This cultural conflict, while distressing and degrading, is a human response that must be properly calculated. Hatred and violence must be discouraged, and the solidarity that citizens of host countries show migrants against nationalists and bigots should be celebrated. But even though incendiary statements can exacerbate discord, the suppression of unfortunate facts can spread distrust in institutions that are vital to maintaining social harmony. For instance, the ongoing sex abuse scandal in Rotherham is directly linked to British police not wanting to be accused of racism because they are arresting South Asians for rape and pedophilia. In America, the amount of female genital mutilations are on the rise; these correlate with an increased migrant population from areas where FGM is practiced.
Denying that these are a problem IS a problem, and it serves to radicalize moderates in the host country. We must remember some conventional wisdom - in the same way that putting an asshole in a police uniform doesn't stop him from being an asshole, putting a rapist (who comes from an area where raping ISN'T technically rape) in another place doesn't stop him from being a rapist. Regardless that not everybody from Afghanistan participated in Bacha Bazi and not everybody from Somalia mutilated their daughter's vagina, these cultural legacies will not disappear by crossing a line in the sand. Destructive cultural practices should be vigorously punished if and when they occur in host countries not only to protect the defenseless, but to encourage assimilation.
Assimilation is a necessary component for migration - you're essentially joining a new tribe, and each tribe has its own rules. The United States has historically been phenomenal at assimilating migrants; Europe has less experience with organized migration. Generally, assimilation seems to work best where the migrants learn the host country's language and are able to keep aspects of their culture that are not in direct conflict with their host country - these distinctive aspects get diluted as generations proceed, and may very well become an inherent part of the host culture. The most obvious examples are German frankfurters becoming American hot dogs and Chinese cuisine begetting the American General Tso's chicken.
Another American tradition? Tax evasion. We have talked so far about how borders and poor people interact. What about the rich? For the poor, borders are a barrier meant to herd them in. For the rich, borders are made to hide behind - the wealthy got the way they are because they play by the system put in place by the laws of the country they live in. One would hope that the rules are fair - one should know that the rules are changed by lawmakers who are often financially dependent on the wealthy. The consequences of such a dynamic are obvious - what is interesting is how the generated wealth is treated.
The maxim of supply-side economics is that the wealthy will reinvest their wealth into the market, creating more wealth which will lift the poor and rich alike. Over the last few decades we have been living in an example of how that does not work. The maxim makes several assumptions, the most important being that the wealthy will reinvest their wealth into the market. Unfortunately, the existence of tax havens means that this wealth is all too often sitting in a tiny, unimportant state that would have no business existing if national sovereignty was not a concept. The idea that a tiny nation in the Caribbean could be holding billions of dollars in tax revenue, market investment or debt relief with no military to defend it would make the Vikings drool with anticipation, yet that is exactly the type of place where the world's wealth is stored. An argument could be made that the cash is there to make investors confident enough in investing the rest of their cash in the market; the proper proportion of this hidden stash is a matter of point of view, and as the pressure on state budgets increase, the amount of wealth in tax havens increase. The Panama Papers were the most expansive expose on tax havens in history; there will be more, and populist disgust could very well make national sovereignty an insufficient shield for the Cayman Islands.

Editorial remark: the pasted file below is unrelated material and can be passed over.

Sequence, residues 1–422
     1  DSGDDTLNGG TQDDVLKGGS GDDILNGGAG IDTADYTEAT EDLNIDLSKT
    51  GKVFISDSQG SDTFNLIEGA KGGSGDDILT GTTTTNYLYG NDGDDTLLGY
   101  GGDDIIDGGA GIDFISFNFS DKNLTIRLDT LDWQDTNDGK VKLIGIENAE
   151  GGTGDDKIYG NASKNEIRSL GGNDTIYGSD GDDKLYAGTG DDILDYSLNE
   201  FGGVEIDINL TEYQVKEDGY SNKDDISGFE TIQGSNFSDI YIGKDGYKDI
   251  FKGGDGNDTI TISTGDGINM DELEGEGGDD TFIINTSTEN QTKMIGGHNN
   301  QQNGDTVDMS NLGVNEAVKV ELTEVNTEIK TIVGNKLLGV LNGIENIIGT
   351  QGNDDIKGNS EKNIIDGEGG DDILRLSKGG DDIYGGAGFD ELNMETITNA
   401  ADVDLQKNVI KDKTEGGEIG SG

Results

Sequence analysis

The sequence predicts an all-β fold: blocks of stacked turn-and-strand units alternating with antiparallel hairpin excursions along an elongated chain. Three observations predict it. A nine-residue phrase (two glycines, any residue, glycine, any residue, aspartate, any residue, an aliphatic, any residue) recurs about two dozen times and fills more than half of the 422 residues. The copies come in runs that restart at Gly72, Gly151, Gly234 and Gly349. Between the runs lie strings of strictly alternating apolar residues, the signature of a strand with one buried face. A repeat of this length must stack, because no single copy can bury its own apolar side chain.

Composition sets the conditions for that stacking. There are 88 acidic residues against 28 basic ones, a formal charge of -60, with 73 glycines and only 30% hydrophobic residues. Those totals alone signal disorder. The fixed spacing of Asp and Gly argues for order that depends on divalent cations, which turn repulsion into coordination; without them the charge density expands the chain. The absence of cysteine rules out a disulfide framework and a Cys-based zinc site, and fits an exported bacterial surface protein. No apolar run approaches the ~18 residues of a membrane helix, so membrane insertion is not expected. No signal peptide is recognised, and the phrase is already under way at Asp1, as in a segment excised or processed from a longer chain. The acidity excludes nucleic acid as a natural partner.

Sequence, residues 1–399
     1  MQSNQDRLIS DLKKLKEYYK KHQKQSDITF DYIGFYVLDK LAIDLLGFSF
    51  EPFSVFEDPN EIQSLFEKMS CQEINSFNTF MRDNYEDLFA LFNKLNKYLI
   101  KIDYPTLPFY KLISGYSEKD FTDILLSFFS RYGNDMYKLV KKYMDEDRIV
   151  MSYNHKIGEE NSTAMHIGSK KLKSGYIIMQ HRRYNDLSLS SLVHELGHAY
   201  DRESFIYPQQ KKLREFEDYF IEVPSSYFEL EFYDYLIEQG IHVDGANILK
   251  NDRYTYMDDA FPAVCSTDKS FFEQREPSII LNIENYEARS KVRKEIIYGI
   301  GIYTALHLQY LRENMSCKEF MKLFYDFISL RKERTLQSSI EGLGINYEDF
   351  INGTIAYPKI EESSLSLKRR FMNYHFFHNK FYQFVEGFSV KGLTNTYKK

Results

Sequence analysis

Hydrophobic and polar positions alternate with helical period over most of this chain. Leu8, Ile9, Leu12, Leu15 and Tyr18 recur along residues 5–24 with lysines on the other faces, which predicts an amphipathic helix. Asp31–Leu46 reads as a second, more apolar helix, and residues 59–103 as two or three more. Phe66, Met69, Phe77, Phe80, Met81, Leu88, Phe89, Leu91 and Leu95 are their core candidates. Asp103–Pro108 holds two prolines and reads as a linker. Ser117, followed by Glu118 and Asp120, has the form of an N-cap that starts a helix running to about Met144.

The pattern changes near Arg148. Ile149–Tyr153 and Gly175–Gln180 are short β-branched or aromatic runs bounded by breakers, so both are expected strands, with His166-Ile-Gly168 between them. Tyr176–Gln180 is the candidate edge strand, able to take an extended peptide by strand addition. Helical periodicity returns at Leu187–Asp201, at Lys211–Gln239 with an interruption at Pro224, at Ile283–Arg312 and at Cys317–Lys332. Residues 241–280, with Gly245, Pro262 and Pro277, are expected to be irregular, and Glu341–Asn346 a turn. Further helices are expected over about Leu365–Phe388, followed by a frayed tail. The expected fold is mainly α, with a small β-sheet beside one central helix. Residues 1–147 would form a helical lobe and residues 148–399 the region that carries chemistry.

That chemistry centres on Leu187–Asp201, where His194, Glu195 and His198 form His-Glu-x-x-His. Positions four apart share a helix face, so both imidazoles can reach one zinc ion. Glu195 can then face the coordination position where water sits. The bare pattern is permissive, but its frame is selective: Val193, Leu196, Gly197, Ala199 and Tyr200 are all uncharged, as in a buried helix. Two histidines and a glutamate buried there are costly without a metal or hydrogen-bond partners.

What will ease the pressure of the poor on borders? It is evident that great instability causes great migration - not having to worry about your family being raped to death in front of you seems to be related to being comfortable where you are living. It is also evident that people tend to want to live in a country where they have a higher quality of life. Would a foreign investment program ensuring clean water, adequate education and access to information in South America, Africa and Central Asia stop all migration? Of course not. But it would sure as hell help. A dollar goes farther in Ecuador then it does in Brooklyn, assuming it goes where it is supposed to (tax evasion isn't just for Americans - the Prime Minister of Pakistan was recently ousted for corruption uncovered via the Panama Papers); foreign investment can be seen in the same lens as treating a disease early on is a lot cheaper than treating it when symptoms start to become overbearing.
Then again, it is dangerous to compare migration to a disease - there are members of this country (and surely every country, for that matter) who would see the treatment to this disease as gunning down everybody who is crossing the border without identification. Generally speaking, civilized people don't immediately resort to violence, and having such people be the vanguard of a civilization bodes ill for the quality of that civilization. The same applies for those that want to address wealth inequality with violence - storming the beaches of the Cayman Islands will ultimately do more harm then good, not least of which is fracturing the trust and stability of a financial system built on a fiat currency.
Ultimately, it is not the borders that make the nation. The people make the nation, and the people determine who can be one of them and who cannot. That borders make the world unequal and unfair is obvious - life is unequal and unfair. But that does not overlap with the proper way to address inequality. After all, if a rising tide does raise all boats, wouldn't investing in a more stable Mexico improve America's stability? Couldn't that stability cascade southward? Easy money that if the United States did not pursue its war on drugs, Central and South America would be a more peaceful and stable part of the world. Likewise easy money that if the United States didn't fumble the Iraq invasion like it did, the Syrian civil war would not be as destructive as it became. Keep home safe, and people will stay there.
Otherwise, don't be surprised if the wildfire throws its smoke in your face.